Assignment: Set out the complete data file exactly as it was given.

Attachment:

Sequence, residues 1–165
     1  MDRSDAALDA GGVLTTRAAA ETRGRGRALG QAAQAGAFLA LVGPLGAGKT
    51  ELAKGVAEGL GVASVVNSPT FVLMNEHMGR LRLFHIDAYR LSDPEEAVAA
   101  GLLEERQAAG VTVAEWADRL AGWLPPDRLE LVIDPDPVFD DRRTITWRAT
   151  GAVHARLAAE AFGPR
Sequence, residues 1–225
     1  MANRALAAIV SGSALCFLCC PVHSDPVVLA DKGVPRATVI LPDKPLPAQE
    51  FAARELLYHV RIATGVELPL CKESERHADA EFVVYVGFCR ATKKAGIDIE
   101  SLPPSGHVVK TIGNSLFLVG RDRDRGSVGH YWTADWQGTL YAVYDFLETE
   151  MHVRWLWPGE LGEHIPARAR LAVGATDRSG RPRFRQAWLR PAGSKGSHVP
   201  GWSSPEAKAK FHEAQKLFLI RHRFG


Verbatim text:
Sequence, residues 1–165
     1  MDRSDAALDA GGVLTTRAAA ETRGRGRALG QAAQAGAFLA LVGPLGAGKT
    51  ELAKGVAEGL GVASVVNSPT FVLMNEHMGR LRLFHIDAYR LSDPEEAVAA
   101  GLLEERQAAG VTVAEWADRL AGWLPPDRLE LVIDPDPVFD DRRTITWRAT
   151  GAVHARLAAE AFGPR
Sequence, residues 1–225
     1  MANRALAAIV SGSALCFLCC PVHSDPVVLA DKGVPRATVI LPDKPLPAQE
    51  FAARELLYHV RIATGVELPL CKESERHADA EFVVYVGFCR ATKKAGIDIE
   101  SLPPSGHVVK TIGNSLFLVG RDRDRGSVGH YWTADWQGTL YAVYDFLETE
   151  MHVRWLWPGE LGEHIPARAR LAVGATDRSG RPRFRQAWLR PAGSKGSHVP
   201  GWSSPEAKAK FHEAQKLFLI RHRFG